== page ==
1.2m visitors for Louvre Abu Dhabi: doing well, will do better

April 02, 2021 - Part of an architecture campaign. A general view of the exterior of the Louvre Abu Dhabi, seen from the concrete beach area, on Saadiyat Island, Abu Dhabi, United Arab Emirates. © Department of Culture and Tourism – Abu Dhabi / Photo Yiorgis Yerolymbos

In 2023, Louvre Abu Dhabi recorded a total 1,247,076 visitors. And in the middle of last month, it passed the five million mark for the just over five years since it opened in November 2017; the museum hasn’t made a big thing of visitor numbers before now, but clearly the numbers are ramping up.

A total of 1.2m puts the museum at no.54 in the just-published Art Newspaper Visitor Figures 2023 survey of 100 museums around the world. Around that total is a clutch of institutions that include the Kelvingrove in Glasgow, the Hong Kong Museum of Art, the Getty Center, and Oslo’s Nasjonalmuseet. That’s not bad company to keep, but it’s a long way to the dizzy heights of the top ten:

RankVisitorsMuseumCityChange from 2022Change from 2019
103,273,753State Hermitage MuseumSt Petersburg+16%-34%
93,337,550Museo Nacional del PradoMadrid+36%-5%
83,829,812National Gallery of ArtWashington+18%-6%
73,871,498Musée d'OrsayParis+18%+6%
64,180,285National Museum of Korea SeoulSeoul+23%+25%
54,742,038Tate ModernLondon+22%-22%
45,364,000Metropolitan Museum of Art †New York+67%+10%
35,820,860British MuseumLondon+42%-7%
26,764,858Vatican MuseumsVatican City+33%-2%
18,860,000Musée du LouvreParis+15%-8%

In total, the top 100 museums in the chart received 175 million visitors in 2023, up on the preceding year’s 141 million but still well shy of the 230 million visitors recorded in 2019. Incidentally, the Louvre Abu Dhabi is one of the few museums in the list to report a significant increase on the pre-pandemic figures. While most are just about getting back to 2019 levels, Louvre AD turned in a decent 28 percent increase. As the survey notes, “the Louvre Abu Dhabi, which opened in 2017, perhaps never got a chance to reach its full potential before Covid”.

Overall, it’s clear that the strategic intention of the investment is working. Louvre Abu Dhabi is key to the plan to make Abu Dhabi a high-end cultural destination, and indeed ‘international visitors’ represented a healthy 72 percent of the total (though it’s not clear whether this just means non-Emirati nationals or actual tourist-visa visitors).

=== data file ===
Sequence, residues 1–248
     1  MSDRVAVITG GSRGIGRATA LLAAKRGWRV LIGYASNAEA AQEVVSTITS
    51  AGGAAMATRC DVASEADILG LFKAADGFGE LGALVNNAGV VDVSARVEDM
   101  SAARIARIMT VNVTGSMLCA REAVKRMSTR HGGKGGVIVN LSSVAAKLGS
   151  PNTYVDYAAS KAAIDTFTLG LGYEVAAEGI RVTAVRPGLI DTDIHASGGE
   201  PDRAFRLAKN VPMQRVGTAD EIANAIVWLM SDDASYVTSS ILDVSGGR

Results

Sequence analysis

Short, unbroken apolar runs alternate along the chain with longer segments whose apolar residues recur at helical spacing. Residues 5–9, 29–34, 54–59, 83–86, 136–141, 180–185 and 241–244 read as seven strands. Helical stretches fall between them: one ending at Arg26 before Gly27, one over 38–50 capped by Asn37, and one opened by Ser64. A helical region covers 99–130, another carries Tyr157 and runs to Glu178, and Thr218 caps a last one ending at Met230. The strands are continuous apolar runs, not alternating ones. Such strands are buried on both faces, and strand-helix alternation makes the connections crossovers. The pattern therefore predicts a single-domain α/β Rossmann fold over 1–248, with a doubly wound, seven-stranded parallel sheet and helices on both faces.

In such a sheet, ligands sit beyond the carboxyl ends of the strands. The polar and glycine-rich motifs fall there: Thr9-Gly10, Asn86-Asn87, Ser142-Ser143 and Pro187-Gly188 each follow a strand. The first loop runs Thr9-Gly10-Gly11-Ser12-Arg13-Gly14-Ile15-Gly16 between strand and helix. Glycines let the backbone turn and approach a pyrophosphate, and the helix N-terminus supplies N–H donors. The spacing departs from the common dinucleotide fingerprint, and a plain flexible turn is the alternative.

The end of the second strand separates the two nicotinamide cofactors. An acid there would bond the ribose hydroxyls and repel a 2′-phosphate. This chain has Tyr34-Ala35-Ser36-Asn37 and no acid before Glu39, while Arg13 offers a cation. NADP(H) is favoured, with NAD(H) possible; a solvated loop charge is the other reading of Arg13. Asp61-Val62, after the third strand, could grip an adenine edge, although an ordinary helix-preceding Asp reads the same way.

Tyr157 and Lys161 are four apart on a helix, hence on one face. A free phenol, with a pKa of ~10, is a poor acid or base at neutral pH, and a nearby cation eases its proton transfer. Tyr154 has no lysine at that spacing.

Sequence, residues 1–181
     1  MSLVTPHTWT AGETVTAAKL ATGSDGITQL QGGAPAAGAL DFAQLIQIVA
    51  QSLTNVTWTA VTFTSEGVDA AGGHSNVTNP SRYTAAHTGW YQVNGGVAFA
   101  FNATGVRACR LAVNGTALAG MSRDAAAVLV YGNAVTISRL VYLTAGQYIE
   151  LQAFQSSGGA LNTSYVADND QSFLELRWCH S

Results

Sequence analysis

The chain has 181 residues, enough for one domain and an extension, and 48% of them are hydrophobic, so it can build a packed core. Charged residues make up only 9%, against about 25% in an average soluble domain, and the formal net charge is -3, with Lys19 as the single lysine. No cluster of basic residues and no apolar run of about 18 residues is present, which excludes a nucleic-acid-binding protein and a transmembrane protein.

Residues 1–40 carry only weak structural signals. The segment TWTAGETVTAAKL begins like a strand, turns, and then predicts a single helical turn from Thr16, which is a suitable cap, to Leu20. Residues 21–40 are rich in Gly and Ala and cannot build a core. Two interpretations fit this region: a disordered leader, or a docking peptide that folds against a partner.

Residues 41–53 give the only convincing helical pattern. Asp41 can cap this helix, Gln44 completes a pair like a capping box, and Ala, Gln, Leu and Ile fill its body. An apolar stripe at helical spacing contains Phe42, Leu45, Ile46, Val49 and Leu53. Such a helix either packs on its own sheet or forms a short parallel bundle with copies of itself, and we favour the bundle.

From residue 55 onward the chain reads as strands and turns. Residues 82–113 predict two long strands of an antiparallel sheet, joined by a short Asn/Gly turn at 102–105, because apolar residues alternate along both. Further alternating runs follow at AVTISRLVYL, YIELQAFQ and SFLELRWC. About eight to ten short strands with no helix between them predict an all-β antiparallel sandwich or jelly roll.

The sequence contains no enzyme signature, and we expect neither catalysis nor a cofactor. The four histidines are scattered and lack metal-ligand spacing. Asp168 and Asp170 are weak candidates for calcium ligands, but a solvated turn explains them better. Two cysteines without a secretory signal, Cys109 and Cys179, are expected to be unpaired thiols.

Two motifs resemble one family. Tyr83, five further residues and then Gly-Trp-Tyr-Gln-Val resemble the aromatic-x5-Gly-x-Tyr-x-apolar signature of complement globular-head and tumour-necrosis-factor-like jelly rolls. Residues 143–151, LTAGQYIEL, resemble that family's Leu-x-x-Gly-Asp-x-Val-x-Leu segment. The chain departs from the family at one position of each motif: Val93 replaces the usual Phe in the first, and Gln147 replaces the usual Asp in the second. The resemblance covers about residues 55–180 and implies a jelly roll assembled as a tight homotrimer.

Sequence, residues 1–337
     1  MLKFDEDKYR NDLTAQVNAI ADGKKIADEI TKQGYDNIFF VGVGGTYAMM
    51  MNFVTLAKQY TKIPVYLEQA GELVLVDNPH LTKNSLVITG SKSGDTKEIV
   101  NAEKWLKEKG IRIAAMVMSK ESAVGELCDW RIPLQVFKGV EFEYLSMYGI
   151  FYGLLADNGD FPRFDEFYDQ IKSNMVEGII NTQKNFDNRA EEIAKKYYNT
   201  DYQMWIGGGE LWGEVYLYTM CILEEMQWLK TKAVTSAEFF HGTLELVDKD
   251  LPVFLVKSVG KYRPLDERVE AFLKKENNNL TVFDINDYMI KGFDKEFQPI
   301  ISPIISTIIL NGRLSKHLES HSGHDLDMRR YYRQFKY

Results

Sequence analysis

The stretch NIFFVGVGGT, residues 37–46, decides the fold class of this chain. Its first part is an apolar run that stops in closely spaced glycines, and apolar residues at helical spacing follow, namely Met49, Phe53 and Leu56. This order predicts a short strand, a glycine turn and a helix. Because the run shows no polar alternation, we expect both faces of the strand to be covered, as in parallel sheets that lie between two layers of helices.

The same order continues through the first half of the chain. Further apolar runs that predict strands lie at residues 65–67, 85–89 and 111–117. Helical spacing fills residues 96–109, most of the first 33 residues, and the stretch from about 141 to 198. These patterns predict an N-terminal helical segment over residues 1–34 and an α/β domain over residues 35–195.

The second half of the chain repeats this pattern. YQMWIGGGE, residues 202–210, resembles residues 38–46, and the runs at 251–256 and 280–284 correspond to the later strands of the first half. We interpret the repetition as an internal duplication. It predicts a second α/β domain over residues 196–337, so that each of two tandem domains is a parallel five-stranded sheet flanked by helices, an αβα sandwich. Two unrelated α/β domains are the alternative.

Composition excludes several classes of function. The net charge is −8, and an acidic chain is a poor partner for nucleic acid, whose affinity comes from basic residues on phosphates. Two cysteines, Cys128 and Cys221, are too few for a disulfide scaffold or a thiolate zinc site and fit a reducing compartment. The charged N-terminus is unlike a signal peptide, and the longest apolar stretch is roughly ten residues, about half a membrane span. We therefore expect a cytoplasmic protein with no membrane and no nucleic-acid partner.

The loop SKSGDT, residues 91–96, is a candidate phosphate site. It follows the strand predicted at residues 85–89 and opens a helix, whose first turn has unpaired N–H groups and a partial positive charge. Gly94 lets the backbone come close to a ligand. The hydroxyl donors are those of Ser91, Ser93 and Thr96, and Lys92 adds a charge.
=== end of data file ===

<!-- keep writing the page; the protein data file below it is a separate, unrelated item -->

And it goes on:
From the Louvre Abu Dhabi Children’s Museum exhibition Picturing the Cosmos in July 2023

Engaging the young has always been another key objective, and Louvre Abu Dhabi’s Children’s Museum had 231,493 visitors to its two 2023 exhibitions – Picturing the Cosmos and Emotions! The New Art Adventure.

The museum’s school and university programmes are picking up too, with a 75 percent increase in student and teacher involvement by comparison to 2022. That’s from a pretty low base – Louvre Abu Dhabi counts something over 45,000 student visitors for initiatives like ‘Schools Take Over the Museum’ and ‘University Take Over the Museum’, and there are something like 380,000 school students in the Emirate – but the direction of travel is obviously good.

Outdoor activities and activations around the museum played a significant role in visitor numbers, contributing one in ten of the total count last year. Most of those will presumably be locals – the programming included talks, performances, film festivals, celebrations around special days and outreach to community centres. The museum curated a programme around the maritime tradition for UAE National Day on the theme Tales from the Sea and supported Cop28 with a series of talks. It also hosted a series of leisure and sports activities, like the first Louvre Abu Dhabi Run, yoga under the dome for International Yoga Day, the successful kayaking, and the recently arrived electric catamarans.

Specific events for People of Determination and senior citizens were also held, demonstrating a commitment to inclusivity.

Also to be commended is the commitment to digital innovation. There are flickers of this in the collection displays, and the museum has launched a series of podcasts linked to the exhibitions, but in particular a lot of work has gone into the museum’s app. A new version introduced in 2023 has a cleaner, quicker interface and the AI-ish Art Scan image recognition feature that can recognise artworks – all of which should improve the somewhat middling ratings that it’s getting on the app stores. Those amendments plus a bit more promotion saw an increase of 46 percent increase in downloads over the previous year, reaching 123,720 in 2023; and 10 percent of total visitors isn’t a bad hit rate.


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